Saracens director of rugby Mark McCall has criticised the “shameful” treatment of Owen Farrell in what he believes should be a wake-up call for the game.
Farrell will miss the Six Nations after deciding to take a break from international rugby in order to “prioritise his and his family’s mental well-being”, although he will continue to play club rugby.
The unexpected decision comes after the 32-year-old fly-half led England to a third-place finish in the recent World Cup after losing to champions South Africa by a point in the semi-final.
Farrell has long been a lightning rod figure in the sport but the condemnation peaked in August when he was sent off for a dangerous tackle against Wales, a decision that was overturned by a disciplinary hearing only to then incur a ban on appeal.
England’s captain was frequently booed in France, sometimes with his family present in the stadium, and McCall is impressed that he delivered a series of strong performances despite shouldering a heavy burden.
“It’s remarkable that he played the way he played during the World Cup, if we take into account how he was feeling,” McCall said.
“He is a person who is right on top of his game at the moment, yet he and his family have been made to feel the way they feel. It is shameful. It’s not right.
“I’ve worked with Owen for 15 years, every day, and the person that has been portrayed in the media bears no resemblance to the person I know. He’s a family man, they’ve always come first.
“There was a narrative created and started and that’s been there for quite some time. There’s only so much that someone can take.
“On top of that, he’s a brilliant, caring, supportive team-mate and a loyal friend to many. And a very good, decent human being. That’s the person I know.
“It was courageous and brave of him to open up. I admire Owen for many reasons anyway, but even more for doing this.
“I’m not worried about Europe or the club at all. I’m worried about Owen. We want him to be OK and happy. Clearly he hasn’t been.”
Farrell’s decision to step away from the Test arena comes after referee Wayne Barnes, who oversaw the World Cup final, announced his retirement with a reference to the online abuse he has faced.
Barnes’ family have also been targeted and McCall believes the game should address the attitude towards some of its leading figures.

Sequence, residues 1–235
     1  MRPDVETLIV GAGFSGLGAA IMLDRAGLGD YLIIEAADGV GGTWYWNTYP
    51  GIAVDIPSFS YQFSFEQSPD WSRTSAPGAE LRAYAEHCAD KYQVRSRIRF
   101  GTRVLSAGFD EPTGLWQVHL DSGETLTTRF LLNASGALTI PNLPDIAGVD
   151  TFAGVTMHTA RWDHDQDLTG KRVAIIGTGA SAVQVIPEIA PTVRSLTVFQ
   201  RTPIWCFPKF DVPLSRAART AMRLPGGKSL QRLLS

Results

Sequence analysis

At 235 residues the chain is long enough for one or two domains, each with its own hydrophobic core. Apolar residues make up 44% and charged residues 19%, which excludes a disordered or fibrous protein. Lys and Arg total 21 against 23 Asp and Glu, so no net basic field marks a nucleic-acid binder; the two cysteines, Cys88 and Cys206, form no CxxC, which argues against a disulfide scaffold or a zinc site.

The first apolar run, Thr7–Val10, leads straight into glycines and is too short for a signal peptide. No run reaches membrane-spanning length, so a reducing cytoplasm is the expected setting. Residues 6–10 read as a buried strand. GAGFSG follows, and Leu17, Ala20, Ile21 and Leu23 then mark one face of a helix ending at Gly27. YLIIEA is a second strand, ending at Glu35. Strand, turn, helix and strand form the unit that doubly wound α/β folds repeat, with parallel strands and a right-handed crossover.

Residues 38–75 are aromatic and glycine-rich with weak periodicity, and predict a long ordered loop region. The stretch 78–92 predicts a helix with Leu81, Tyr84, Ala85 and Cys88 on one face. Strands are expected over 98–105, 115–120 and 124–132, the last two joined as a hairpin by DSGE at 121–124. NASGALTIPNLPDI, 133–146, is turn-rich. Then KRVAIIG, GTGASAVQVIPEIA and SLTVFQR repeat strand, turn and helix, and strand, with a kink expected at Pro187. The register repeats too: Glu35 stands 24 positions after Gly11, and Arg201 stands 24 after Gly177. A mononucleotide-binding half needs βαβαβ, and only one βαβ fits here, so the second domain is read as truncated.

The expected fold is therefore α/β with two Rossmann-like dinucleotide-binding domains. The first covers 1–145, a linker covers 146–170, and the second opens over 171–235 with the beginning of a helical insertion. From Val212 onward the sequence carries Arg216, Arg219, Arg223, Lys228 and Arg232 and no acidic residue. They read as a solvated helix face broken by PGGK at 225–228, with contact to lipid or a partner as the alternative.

“Rugby probably needs to do something,” McCall said.
“This is a wake-up call for all concerned because there’s no way that a referee should face what Wayne faced and there’s no way that a player – a person – like Owen should have to face what he faced, over a longer period of time.
“It wasn’t the emotional toll of playing a lot that created this – it was something completely different.
“Down the years he has been made to feel that he has done something much worse than he has done. Every single thing that has been picked up on and scrutinised – that doesn’t happen with other players.
“You might say ‘he’s the England captain’, but I’m not sure that England captains have faced the level of scrutiny that he has.
“Very rarely is it positive and we’re talking about someone who is a model professional, who cares deeply about what he does and who he does it with.”
Farrell has thrown himself into club rugby since his return from the World Cup and McCall revealed that “he said that he was glad he did that”.
But when – and if – England’s leading points scorer and veteran of 112 caps returns is unknown.
“Owen’s happiness and well-being are paramount. If that, in time, involves returning to the international fold then so be it,” McCall said.
“He has nothing to prove. All those caps, being captain, wasn’t enough for some people.
“If he wants to go back after a break and it’s something that he enjoys and loves then good for him. If he doesn’t want to in six, eight months’ time then we’ll support that too.”
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